Tuesday, June 30, 2009

spinning around

What's the connection between bird migration, hydrogen storage materials, membrane protein structure, and quantum computation? Well, all these, and seven other topics are investigated at Oxford University with the help of Electron Spin Resonance (ESR) spectroscopy, thanks to the new(ish) interdisciplinary research centre CAESR. Read my feature in Oxford Today which should be freely accessible to all.

Also, a short piece on the bird migration research has appeared in German, in Chemie in unserer Zeit [PDF]

Monday, June 29, 2009

catching up

A round-up of pieces that appeared while I was travelling (and giving lectures) in Germany:

Fence protection progress Current Biology 19, No. 12, page R465 abstract and restricted access to pdf file
This one is about the electric fence protecting the Aberdare Reserve in Kenya -- originally built for rhinos and elephants, but now mainly protecting woods and mitigating the effects of climate change.

Spinout stories Chemistry & Industry No. 12, 22.6., page 29.
Review of the book Spin outs, by Graham Richards. A snippet:

In this little book, part memoir, part advice to future academic spin-out founders, he very briefly sketches his involvement with Oxford Molecular and with Oxford’s wider technology transfer activities, along with the briefest of mentions of related activities in the UK, such as the British Technology Group, later BTG.


Chemistry & Industry No. 12, 22.6., page 31
Review of the book Origin of life, by Piet Herdewijn and M. Volkan Kisakürek.
Snippet:

Maybe the most original and influential thinker on the origin of life over the last couple of decades is Günter Wächtershäuser, a patent attorney who came to the field as a hobby researcher drawing up new theories in his spare time. His chapter in the book is definitely worth reading, even if it leaves the reader with the frustrating thought that if Wächtershäuser can’t crack the conundrum, nobody can.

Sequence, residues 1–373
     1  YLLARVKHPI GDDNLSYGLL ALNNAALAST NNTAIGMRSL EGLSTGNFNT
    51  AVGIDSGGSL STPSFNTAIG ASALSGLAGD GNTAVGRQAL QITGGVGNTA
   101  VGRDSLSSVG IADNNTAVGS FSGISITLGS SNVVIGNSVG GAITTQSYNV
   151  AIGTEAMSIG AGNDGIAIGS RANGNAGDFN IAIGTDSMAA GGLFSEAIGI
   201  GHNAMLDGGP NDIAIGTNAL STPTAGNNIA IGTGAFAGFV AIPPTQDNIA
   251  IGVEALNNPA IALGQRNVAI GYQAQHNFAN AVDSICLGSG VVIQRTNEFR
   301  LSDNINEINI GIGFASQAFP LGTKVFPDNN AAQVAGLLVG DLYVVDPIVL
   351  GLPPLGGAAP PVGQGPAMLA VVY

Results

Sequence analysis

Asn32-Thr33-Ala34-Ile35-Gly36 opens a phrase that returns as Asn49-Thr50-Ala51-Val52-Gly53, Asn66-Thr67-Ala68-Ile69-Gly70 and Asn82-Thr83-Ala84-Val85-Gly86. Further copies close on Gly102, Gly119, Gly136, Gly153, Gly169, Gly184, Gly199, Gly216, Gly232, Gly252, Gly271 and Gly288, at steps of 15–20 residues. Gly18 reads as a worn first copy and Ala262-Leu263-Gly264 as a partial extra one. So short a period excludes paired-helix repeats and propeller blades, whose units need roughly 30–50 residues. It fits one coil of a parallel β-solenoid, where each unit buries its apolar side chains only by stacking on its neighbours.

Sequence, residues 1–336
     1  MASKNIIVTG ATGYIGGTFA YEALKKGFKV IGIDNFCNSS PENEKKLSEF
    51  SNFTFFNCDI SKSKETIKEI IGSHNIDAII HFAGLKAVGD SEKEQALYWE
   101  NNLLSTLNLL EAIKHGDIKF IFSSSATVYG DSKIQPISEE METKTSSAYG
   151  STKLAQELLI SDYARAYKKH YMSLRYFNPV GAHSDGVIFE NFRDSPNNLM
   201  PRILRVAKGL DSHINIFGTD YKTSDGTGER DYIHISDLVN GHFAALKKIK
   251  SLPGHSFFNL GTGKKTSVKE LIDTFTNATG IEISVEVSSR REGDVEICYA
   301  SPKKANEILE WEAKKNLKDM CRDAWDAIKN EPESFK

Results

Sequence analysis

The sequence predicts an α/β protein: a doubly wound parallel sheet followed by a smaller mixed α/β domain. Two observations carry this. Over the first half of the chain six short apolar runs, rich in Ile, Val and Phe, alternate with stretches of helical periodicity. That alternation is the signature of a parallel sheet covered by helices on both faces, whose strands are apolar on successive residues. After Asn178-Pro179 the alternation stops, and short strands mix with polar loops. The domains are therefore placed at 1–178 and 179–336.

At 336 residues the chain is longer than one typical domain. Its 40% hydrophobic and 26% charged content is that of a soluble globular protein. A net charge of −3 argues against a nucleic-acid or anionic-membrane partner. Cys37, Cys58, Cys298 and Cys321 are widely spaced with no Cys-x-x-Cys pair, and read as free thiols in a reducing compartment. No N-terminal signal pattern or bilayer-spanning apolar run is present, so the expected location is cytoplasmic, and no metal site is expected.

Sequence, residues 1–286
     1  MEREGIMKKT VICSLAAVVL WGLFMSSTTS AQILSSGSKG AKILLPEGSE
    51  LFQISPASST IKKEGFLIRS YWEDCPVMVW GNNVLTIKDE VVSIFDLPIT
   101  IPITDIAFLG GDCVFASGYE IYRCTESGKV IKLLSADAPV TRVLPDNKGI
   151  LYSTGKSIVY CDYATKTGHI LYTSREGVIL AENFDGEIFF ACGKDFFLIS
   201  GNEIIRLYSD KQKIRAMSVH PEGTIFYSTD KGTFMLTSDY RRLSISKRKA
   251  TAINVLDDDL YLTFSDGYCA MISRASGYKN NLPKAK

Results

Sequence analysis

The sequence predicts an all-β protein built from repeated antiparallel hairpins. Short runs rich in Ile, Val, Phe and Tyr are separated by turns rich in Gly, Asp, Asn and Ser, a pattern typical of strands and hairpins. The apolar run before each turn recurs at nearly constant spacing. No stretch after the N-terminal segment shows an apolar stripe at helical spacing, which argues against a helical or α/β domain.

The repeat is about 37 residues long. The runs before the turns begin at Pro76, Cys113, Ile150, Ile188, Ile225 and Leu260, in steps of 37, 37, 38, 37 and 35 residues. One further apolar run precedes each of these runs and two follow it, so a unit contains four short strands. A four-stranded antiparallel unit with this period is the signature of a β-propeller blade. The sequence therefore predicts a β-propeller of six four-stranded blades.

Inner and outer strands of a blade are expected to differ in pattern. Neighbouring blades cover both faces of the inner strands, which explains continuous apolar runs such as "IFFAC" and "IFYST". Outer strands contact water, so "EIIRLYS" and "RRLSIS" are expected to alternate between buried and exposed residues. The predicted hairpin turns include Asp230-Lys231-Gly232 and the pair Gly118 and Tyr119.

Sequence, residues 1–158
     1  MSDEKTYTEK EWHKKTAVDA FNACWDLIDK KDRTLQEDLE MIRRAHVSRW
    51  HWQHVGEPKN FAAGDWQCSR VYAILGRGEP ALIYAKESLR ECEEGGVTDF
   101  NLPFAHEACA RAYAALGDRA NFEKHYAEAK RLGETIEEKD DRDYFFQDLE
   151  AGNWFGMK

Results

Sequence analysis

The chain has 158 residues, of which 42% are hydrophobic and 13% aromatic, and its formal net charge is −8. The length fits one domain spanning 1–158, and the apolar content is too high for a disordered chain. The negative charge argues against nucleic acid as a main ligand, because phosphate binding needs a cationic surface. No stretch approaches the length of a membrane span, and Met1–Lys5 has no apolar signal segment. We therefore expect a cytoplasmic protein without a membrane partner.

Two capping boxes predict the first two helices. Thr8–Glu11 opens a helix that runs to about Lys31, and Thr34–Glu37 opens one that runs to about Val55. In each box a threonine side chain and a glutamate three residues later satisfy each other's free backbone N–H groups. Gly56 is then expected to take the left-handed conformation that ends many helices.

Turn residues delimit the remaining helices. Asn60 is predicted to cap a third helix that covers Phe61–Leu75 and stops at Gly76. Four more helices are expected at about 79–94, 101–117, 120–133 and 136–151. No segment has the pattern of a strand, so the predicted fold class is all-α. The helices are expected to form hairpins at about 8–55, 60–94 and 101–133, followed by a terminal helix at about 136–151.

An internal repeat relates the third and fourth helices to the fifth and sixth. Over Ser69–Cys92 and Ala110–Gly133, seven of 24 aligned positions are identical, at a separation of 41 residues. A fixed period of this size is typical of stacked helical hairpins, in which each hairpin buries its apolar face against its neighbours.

Thursday, June 25, 2009

leipzig

All going well, I should be in Leipzig by the time this post goes online (oh the magic of electronic time-travel!), where I'm speaking at the GDCh colloquium about my experience as a chemist turned science writer. Maybe also about what I learned from the Copenhagen meeting.

Tuesday, June 23, 2009

sitting on the fence

If this is Tuesday, I'm in Jena today, speaking at the GDCh colloquium.

Today's issue of Current Biology (Volume 19, Issue 12) should contain my piece on the fence around Aberdare Reserve in Kenya, which is being completed this year and has been praised for reducing human-wildlife conflict and protecting not just rhinos and elephants, but also important water resources.

Sunday, June 21, 2009

a mathematician's tree

If mathematicians were to design trees, the result would probably look a bit like this sculpture: